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Digging Dogs: When Its a Problem and Solutions

Digging Dogs: When Its a Problem and Solutions

Sculpting Tank Traps and the Joy of Digging

I had a digger once, a dog named Ralf who could excavate with the best of them. That pup loved to dig – and I mean really dig. He didn’t just paw at the ground, he sculpted tank traps, hollowed out moats, and quarried for treasure. That dog was a professional excavator, through and through.

Now, Ralf was a 12-year-old working guard dog when I met him, so I figured he’d earned the right to indulge in a bit of digging in his retirement. My beautiful, flat paddock became a minefield of craters and holes, but I didn’t have the heart to stop the old fella from enjoying his simple pleasures.

Of course, it did make mowing the lawn a bit of a challenge, navigating all those bunkers and trenches. But hey, a little loose soil never hurt anyone, right? Well, maybe my backside when Ralf dragged me through a cow field to say hi to the neighbor’s dog. But I digress.

The point is, Ralf taught his younger housemates Amigo and Heston the joys of digging too. It was like a full-blown social contagion of excavation happening right in my own backyard. I tell ya, you can’t un-teach that kind of behavior once it takes hold.

Luckily, the digging frenzy came to an end when Ralf passed away. As soon as that old digger was gone, my garden miraculously returned to its former flatness. No more holes to worry about – just nice, even ground. Ah, the simple pleasures.

Why Do Dogs Dig?

So why do our canine companions feel the need to dig in the first place? Well, it turns out there are a whole lot of interesting reasons behind this behavior. First and foremost, digging is just hardwired into a dog’s DNA. It’s an instinctive, ancestral behavior that they don’t even need to be taught.

Some dogs, like my Tilly, will “dig” in the couch or her bed before settling down. Others, like Amigo, are more interested in scrabbling around to unearth potential prey like rabbits. It’s like a throwback to their wild canine cousins who used to hollow out dens or dig to find hidden food.

But the digging doesn’t stop there. Dogs might also dig to create a cool, comfortable spot to rest, especially in warmer weather. Or they might do it to build a sort of protective den against the elements in colder temps. And let’s not forget the dogs who just love to bury their treasures – whether it’s a favorite toy, a moldy old bread roll, or even that prized “burial bone” that gets passed around my household.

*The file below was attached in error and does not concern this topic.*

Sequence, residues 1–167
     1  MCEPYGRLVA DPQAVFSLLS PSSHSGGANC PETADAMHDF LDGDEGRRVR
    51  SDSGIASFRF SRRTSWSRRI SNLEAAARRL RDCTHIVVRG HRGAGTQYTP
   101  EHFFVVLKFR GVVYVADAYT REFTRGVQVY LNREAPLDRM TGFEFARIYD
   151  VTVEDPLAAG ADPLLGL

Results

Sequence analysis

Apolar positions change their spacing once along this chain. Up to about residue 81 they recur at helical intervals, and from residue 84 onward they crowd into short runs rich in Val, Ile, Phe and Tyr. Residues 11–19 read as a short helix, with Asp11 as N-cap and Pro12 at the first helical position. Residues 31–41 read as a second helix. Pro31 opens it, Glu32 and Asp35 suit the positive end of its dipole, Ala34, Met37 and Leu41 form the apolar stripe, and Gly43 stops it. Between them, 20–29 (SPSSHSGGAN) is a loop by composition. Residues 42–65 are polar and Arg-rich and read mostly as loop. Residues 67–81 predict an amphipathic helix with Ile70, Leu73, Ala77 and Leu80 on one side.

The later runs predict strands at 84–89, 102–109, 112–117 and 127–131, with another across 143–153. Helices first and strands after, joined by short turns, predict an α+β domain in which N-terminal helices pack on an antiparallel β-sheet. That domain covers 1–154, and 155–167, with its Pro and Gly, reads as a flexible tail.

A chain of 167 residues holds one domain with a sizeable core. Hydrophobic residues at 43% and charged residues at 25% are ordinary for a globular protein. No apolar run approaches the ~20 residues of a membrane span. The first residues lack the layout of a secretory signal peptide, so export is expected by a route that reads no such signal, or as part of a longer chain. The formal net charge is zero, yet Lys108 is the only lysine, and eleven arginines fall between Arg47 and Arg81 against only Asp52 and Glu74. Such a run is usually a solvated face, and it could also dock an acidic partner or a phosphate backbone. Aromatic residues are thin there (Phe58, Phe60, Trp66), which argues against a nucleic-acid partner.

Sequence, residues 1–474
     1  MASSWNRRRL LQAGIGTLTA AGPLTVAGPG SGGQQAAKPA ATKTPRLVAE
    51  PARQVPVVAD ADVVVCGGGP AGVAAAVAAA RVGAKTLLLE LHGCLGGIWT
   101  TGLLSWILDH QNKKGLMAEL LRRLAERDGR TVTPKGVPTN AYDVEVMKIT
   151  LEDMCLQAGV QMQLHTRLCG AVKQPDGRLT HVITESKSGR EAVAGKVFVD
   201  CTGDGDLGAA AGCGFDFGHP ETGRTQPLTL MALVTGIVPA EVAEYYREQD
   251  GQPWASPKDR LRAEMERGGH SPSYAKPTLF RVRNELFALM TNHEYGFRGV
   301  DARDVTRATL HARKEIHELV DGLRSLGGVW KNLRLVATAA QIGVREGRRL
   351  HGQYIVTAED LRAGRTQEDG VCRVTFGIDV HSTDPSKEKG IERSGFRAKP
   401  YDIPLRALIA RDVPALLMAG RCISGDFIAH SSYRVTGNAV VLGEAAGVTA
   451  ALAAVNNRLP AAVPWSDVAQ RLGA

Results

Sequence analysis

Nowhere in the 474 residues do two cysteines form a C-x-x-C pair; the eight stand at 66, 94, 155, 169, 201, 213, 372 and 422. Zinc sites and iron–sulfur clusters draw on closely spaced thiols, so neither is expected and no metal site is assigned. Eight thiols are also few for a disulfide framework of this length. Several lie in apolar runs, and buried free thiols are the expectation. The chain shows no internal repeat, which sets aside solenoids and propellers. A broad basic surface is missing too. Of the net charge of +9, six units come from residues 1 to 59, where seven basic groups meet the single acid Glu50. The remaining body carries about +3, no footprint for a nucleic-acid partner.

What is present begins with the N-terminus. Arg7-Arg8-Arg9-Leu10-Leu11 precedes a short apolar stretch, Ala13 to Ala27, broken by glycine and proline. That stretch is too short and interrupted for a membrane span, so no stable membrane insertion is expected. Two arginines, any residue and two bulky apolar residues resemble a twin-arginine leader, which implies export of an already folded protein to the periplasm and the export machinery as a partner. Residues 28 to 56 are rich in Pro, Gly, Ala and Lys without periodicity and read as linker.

Digging can serve all sorts of purposes for our four-legged friends. It’s a way for them to satisfy their natural urges, pass the time, and express their inner excavator. Kind of like how kids love playing in the sand at the beach, you know?

Dealing with the Digging Dilemma

Now, if you’ve got a dog who’s really into the whole digging thing, it can definitely become a problem. Ralf’s tank traps might have been amusing to me, but I know most folks wouldn’t be too thrilled about having their yards turned into Swiss cheese.

The key to managing a serial digger is all about understanding the root cause and then addressing it accordingly. Is your pup trying to beat the heat by digging for a cool spot? Maybe providing some shade or a cooling mat will do the trick. Is Fido burrowing to build a cozy den against the cold? A proper outdoor shelter could be the solution.

And let’s not forget about those dogs who dig to bury their treasures. If you take away their stash-worthy items, you might just eliminate the need to dig in the first place. Simple as that!

Of course, there are some dogs who just dig for the pure joy of it – like my old pal Ralf. For those pups, constant supervision and redirection are key. The moment they start pawing at the ground, you’ve got to swoop in and distract them with a toy or a game. It’s all about breaking that self-reinforcing cycle before it really takes hold.

Escaping the Yard: Securing Your Space